The most broadly used types of spinal orthoses in Greece24 are: a) the TLSO type that provides support to the thoracolumbosacral spine by making it adopt an anatomically correct position (Knight-Taylor, Jewett, CASH, or Cruciform Anterior Sternal, Boston, MA), b) the posture training support (PTS) type, which is a device that has shoulder straps joining above the waist at the back, where a pouch holds small weights,29 c) Spinomed®, the new ‘bracing’ philosophy, based on biofeedback theory30 and d) Osteomed®, which is based upon the gate control theory of pain.31,32

Kaplan et al pointed out that orthotic devices impose a risk of reduction in muscular strength. Their controlled pilot study with a 4-week observation period demonstrated that the strength of the back extensors was reduced to below the initial value in 40% of female patients wearing a stable orthotic device.33 On the contrary we published recently preliminary results of women with established osteoporosis and/or an angle of kyphosis more than 55 degrees wearing Spinomed orthosis for at least 2 hours/day for 6 months showing that Spinomed significantly decreased back pain (P = 0.001) (evaluation was performed using visual analog scale at the beginning and 6 months follow-up of the examination) and increased personal isometric trunk muscle strength, (Table 1 and Figure 1).34

Figure 1
Schematic presentation of values in personal isometric force in Newton (N): Force (F)/Weight (W) in abdominals and extensor muscles (F/W abdominals and F/W ext, respectively), after 6 months wearing Spinomed orthosis (F: force in Newton, W: weight in ...
Table 1
Differences in values of visual analog scale (VAS) and personal isometric force: force (F)/weight (W) in abdominals and extensors muscles (F/W abdominals and F/W extensors, respectively), after 6 months wearing Spinomed orthosis. (F: force in Newton, ...

Pfeifer et al also reported the effectiveness of Spinomed for stabilizing osteoporotic vertebral fractures. In their study the use of Spinomed was associated with a significant increase in trunk muscle strength, most likely because of increased muscular activity while wearing the orthosis.30

A program of physical therapy is necessary and helps prevent deformity by strengthening antigravity muscles and promoting postural retraining. Breathing exercises promote thoracic expansion and improve the heavily degraded pulmonary function found in patients with spinal osteoporotic fractures.35 Instruction on the proper method of lifting things, as well as how to use a walker or a cane properly, could be beneficial and thus is strongly recommended.24,35 Patients with fractures could subject themselves to low-intensity exercise and gentle strengthening programs (eg, Tai Chi and hydrotherapy) and are strongly recommended to avoid high impact exercise or movements, so that they avoid suffering new vertebral fractures.29 Forward bending of the spine or flexion exercises, especially in combination with twisting, should be avoided.24,29 According to Bassey, this includes several old favorite exercises which are now considered outdated, namely straight-leg toe touches and sit ups (or crunches) for strengthening the abdominal muscles.36 Sinaki and Mikkelsen reported that the latter are associated with a dramatically increased rate of vertebral fracture in osteoporotic women (89% compared to 16% of those who did extension exercises).37 As the acute fracture pain subsides, a walking program can begin with gentle strengthening exercises focusing on spinal extensor muscles.38 A carefully supervised rehabilitation program should be started after 3 to 4 months, to strengthen the spinal extensor and abdominal muscles more aggressively.24,39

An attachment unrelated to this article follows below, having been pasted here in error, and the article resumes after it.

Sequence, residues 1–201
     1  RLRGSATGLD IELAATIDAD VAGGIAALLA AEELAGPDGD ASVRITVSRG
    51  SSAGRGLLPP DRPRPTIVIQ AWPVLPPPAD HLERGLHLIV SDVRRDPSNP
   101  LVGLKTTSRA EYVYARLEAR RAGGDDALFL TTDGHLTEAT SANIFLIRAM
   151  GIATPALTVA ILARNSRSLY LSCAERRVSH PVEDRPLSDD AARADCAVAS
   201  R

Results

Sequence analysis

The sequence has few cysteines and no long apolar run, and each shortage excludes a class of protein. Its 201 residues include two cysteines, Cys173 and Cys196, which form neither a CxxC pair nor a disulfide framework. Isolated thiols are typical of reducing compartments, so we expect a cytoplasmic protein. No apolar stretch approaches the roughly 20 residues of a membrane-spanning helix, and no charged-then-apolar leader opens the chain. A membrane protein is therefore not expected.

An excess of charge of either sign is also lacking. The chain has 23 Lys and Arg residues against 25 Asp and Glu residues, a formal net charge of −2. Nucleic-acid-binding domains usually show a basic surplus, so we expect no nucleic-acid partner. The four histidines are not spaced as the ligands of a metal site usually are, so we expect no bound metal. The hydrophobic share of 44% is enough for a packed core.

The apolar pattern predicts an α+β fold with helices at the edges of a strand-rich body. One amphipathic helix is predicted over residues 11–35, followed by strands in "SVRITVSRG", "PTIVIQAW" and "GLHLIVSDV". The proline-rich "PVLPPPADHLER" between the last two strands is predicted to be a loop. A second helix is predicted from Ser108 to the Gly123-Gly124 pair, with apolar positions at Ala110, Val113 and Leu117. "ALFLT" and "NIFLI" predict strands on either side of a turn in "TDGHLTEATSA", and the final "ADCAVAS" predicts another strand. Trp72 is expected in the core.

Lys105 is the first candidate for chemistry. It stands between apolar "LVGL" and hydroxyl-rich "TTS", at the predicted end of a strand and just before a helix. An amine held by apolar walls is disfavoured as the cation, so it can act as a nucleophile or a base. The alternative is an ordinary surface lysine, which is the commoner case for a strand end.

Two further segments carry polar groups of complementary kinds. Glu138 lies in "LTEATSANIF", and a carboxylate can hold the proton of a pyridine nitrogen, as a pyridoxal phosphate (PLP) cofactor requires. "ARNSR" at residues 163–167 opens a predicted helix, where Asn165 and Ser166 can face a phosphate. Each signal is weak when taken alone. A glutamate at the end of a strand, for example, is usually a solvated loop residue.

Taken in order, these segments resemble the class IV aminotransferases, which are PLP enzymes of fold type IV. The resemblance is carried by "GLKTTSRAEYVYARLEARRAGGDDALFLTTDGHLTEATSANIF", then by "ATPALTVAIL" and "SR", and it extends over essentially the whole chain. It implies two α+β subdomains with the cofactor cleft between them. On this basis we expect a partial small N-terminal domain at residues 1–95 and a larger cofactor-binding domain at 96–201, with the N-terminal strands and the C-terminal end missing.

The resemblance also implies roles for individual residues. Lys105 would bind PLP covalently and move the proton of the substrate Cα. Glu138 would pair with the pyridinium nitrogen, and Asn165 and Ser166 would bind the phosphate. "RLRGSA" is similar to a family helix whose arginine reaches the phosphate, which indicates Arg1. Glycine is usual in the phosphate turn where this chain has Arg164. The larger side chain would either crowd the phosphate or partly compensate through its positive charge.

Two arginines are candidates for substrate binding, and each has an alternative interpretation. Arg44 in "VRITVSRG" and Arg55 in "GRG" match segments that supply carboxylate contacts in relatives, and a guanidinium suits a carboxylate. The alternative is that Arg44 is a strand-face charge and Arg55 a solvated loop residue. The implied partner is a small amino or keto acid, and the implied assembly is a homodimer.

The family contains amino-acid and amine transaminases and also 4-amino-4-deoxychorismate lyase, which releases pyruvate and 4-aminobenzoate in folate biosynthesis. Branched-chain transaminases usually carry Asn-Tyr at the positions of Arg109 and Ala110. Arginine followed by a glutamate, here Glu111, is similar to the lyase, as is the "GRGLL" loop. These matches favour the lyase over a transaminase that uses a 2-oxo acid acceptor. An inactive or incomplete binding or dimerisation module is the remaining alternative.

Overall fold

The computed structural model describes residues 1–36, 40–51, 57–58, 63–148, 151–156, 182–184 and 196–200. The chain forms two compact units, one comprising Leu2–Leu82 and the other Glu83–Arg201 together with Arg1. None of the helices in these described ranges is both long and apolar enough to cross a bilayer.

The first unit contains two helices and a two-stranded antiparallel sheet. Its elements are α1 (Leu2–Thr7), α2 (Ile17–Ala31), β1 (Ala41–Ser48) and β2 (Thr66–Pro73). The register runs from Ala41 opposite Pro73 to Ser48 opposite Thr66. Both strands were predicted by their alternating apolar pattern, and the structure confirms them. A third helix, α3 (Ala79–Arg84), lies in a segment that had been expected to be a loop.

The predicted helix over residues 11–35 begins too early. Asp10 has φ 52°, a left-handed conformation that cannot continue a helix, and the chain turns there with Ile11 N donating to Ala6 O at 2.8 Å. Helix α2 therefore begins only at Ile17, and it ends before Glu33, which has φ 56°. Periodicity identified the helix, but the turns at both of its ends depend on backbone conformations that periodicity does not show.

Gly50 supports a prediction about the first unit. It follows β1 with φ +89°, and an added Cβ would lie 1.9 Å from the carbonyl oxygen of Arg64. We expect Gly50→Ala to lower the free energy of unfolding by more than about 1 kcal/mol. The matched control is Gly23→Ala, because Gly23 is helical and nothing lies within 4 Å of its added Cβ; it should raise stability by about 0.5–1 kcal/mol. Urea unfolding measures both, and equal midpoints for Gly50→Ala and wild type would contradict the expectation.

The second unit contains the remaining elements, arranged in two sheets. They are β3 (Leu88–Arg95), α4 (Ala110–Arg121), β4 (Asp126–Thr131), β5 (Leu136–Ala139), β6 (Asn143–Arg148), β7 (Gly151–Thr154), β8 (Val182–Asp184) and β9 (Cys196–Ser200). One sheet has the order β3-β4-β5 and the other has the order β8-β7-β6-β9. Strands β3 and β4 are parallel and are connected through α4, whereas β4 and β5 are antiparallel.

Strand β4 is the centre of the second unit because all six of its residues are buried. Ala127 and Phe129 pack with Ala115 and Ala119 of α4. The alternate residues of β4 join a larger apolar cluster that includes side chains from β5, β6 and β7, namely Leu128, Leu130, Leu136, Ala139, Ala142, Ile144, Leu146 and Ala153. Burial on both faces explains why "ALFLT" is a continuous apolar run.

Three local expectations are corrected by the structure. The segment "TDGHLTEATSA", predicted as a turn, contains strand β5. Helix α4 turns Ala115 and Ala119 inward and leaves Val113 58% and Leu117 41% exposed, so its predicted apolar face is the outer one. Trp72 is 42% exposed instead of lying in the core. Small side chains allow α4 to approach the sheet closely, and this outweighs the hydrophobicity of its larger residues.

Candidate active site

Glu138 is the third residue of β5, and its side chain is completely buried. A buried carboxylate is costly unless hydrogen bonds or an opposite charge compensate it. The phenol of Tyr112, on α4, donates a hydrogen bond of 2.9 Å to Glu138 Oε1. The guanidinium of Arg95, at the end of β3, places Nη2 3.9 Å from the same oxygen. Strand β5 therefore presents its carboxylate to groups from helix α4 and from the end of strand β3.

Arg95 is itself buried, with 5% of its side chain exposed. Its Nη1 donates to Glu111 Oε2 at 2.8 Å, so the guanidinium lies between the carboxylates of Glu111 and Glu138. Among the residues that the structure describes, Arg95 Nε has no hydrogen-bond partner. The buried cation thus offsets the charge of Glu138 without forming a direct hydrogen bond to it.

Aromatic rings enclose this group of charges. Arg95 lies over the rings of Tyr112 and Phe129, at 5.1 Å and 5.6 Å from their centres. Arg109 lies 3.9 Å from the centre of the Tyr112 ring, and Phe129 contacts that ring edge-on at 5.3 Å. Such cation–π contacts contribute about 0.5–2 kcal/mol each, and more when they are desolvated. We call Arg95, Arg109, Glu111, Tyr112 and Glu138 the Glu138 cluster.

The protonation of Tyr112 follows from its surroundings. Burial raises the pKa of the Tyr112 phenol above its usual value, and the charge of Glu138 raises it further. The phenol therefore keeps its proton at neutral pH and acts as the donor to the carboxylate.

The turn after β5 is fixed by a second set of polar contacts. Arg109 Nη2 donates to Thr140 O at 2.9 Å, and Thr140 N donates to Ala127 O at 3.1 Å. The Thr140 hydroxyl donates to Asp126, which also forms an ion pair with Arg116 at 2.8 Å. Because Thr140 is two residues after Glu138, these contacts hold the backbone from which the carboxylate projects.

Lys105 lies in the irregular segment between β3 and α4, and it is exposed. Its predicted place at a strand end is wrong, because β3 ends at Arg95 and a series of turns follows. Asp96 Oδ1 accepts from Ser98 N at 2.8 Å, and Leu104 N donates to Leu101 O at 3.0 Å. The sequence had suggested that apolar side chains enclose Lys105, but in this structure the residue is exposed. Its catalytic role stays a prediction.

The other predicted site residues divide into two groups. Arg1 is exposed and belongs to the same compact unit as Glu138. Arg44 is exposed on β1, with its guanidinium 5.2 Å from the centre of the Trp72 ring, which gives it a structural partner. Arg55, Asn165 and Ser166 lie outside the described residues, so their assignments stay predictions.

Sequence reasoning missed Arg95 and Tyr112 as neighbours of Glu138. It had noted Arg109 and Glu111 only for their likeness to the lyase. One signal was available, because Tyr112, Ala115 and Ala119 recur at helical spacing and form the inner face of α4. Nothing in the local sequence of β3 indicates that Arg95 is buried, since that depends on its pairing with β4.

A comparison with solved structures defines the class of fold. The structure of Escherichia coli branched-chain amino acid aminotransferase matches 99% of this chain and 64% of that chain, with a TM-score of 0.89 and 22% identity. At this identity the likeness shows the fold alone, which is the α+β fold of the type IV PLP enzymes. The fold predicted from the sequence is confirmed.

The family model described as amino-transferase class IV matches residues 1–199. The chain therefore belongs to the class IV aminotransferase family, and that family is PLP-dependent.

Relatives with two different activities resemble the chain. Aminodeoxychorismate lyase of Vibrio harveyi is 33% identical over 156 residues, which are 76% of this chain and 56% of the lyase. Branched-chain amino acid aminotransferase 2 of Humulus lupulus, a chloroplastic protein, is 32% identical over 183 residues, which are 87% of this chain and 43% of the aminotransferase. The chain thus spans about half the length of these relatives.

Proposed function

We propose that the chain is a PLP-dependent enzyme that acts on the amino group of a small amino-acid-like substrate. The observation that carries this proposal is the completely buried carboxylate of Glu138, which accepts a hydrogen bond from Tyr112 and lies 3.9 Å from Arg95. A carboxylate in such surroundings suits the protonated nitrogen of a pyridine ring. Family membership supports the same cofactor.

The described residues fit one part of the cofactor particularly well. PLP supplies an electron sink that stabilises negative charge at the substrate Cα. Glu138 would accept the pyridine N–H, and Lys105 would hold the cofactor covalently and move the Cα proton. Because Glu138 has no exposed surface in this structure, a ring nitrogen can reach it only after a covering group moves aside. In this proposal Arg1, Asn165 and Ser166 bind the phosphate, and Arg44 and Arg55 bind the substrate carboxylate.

Vertebroplasty and kyphoplasty

These procedures are different in several aspects. Vertebroplasty mainly involves the application of polymethylmethacrylate (PMMA) to the fracture. This procedure is considered to be very successful in the stabilization of fractured osteoporotic vertebral body and in pain relief.40 A possible alternative is to inject calcium phosphate cement into a vertebral fracture, while in kyphoplasty a balloon is inserted to create space in the fractured vertebra, to restore its height and shape, before the balloch it is removed and the cement is delivered to the resulting space. Percutaneous vertebroplasty obtains early pain relief and improves the integrity of the osteoporotic vertebral body.41 On the other hand the mini-surgical intervention may cause serious complications to patients with recent fractures, such as paraplegia,42 and the occurrence of a new vertebral body fracture, and possible cardiopulmonary events.43 Two studies in 2009 concerning the efficacy of vertebroplasty may signal a different approach for this procedure.44,45 In the first study44 78 patients with one or two painful osteoporotic vertebral fractures were randomized in a multicenter, double-blind, placebo-controlled trial (vertebroplasty vs a sham procedure). The authors found no significant advantage for vertebroplasty at any time point during follow-up between groups with respect to pain at night and at rest, physical functioning, quality of life, and perceived improvement. Another study in 131 patients, with one to three painful osteoporotic vertebral fractures, randomized either in vertebroplasty or a sham procedure found similar results.45 The authors noted a trend toward a higher rate of clinically meaningful improvement in pain in the vertebroplasty group but improved disability and pain scores were noted immediately following both procedures.